Kevin Love Donating $100,000 to Cleveland Arena Workers Losing Income

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Are you crushed by the ultimate bracket buster, the cancellation of March Madness? Worried about the coronavirus and bummed out by all the news of infections, deaths, quarantines and the shutting down of sports? In need of a feel-good story on the sports pages in these trying times? Amid the crisis, Kevin Love is providing one.

Many part-time and hourly wage earners at NBA arenas are worried about their impending loss of income and how they'll pay their bills and support their families. In Cleveland, it's Love to the rescue.

The Cavaliers forward pledged to donate $100,000 to arena workers in his city who are affected by the suspension of the NBA season. Dan Cancian has the story in the Newsweek magazine online sports section:

"To mitigate the issue, Love has vowed to donate a six-figure sum to workers at the Quickens Loan Arena, where the Cavs play their home games.

"The fear and anxiety resulting from the recent outbreak of COVID-19 can be extremely overwhelming," the 2016 NBA champion wrote in an Instagram post on Thursday to announce the donation.

"Through the game of basketball, we've been able to address major issues and stand together as a progressive league that cares about the players, the fans, and the communities where we work."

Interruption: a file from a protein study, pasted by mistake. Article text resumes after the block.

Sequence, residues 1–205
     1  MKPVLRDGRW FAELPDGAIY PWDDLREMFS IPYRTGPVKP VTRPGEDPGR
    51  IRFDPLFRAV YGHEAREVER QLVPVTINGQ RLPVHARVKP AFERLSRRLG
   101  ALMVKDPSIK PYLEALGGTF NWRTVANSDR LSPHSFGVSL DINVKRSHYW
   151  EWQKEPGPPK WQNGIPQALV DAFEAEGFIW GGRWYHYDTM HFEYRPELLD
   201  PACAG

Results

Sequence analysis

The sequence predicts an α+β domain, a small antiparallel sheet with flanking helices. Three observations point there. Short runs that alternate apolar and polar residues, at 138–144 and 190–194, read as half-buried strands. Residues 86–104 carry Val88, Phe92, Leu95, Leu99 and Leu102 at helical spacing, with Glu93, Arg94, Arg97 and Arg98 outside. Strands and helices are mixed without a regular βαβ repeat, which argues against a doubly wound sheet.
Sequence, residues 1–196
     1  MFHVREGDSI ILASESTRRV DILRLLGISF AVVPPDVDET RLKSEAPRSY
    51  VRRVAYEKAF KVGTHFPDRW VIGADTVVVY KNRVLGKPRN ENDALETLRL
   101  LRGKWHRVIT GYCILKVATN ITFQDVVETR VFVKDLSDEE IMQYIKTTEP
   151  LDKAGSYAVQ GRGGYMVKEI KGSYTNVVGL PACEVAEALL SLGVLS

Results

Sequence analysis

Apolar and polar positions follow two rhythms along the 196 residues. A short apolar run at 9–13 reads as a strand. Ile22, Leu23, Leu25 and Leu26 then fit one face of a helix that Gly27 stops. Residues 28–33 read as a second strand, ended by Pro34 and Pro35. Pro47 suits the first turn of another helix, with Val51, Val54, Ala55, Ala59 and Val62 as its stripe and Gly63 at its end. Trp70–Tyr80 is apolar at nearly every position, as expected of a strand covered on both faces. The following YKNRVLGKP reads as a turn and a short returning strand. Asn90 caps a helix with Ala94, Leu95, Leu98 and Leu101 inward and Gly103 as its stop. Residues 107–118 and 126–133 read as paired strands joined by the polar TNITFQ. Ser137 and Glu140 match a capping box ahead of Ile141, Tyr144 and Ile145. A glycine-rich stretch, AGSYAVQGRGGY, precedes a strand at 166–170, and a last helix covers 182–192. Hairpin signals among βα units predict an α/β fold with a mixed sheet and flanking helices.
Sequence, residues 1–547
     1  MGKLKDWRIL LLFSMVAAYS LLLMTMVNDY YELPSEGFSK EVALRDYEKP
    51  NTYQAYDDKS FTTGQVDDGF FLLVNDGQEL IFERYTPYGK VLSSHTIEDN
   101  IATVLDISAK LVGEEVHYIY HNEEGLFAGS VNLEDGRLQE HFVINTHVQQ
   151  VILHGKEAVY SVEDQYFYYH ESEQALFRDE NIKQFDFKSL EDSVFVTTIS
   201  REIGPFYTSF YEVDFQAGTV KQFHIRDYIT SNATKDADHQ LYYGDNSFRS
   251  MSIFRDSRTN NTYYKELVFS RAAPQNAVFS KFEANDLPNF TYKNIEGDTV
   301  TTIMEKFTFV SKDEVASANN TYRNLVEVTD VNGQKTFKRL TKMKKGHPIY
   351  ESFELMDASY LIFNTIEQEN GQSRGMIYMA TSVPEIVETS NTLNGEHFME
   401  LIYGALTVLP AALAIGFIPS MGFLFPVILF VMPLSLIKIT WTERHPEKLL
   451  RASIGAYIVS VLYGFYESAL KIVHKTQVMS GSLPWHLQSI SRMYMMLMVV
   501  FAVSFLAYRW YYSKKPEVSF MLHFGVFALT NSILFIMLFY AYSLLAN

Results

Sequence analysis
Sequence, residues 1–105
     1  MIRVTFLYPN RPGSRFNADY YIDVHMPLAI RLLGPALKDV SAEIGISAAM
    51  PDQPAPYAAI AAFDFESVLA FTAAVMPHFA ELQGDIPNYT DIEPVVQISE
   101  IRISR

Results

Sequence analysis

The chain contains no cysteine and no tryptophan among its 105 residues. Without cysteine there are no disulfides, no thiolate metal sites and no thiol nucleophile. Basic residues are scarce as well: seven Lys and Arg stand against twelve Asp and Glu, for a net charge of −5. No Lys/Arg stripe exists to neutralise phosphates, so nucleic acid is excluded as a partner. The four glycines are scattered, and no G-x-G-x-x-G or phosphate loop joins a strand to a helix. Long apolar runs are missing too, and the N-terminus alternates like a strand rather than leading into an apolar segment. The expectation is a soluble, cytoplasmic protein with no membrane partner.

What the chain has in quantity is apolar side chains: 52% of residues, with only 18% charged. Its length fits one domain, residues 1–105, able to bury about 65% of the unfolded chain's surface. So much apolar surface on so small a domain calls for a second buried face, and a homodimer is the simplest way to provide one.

Through the @KevinLoveFund and in support of the @Cavs arena and support staff, the NBA veteran is donating $100,000. He urges others to join with him and support their communities "during this time of crisis."

 

 

The Cavaliers thanked Love for making a huge "clutch" play:

 

 

Broadcaster Taylor Rooks commented, “Kevin Love is everything that’s good about the NBA. He’s everything that’s good about people. He shows it time and time again, This pandemic is and has been rough on all of us. But it’s gestures like Kevin’s that give us all some peace.”

The Dallas Mavericks and Atlanta Hawks also whirled into action to help their hourly employees, too.

"I reached out to the folks at the arena and our folks at the Mavs to find out what it would cost to financially support people who aren't going to be able to come to work—you know, they get paid by the hour, and this is their source of income," Dallas Mavericks owner Mark Cuban said Wednesday.

Newsweek says Hawks owner Tony Ressler is planning to do the same thing for his temporarily unemployed arena staff.

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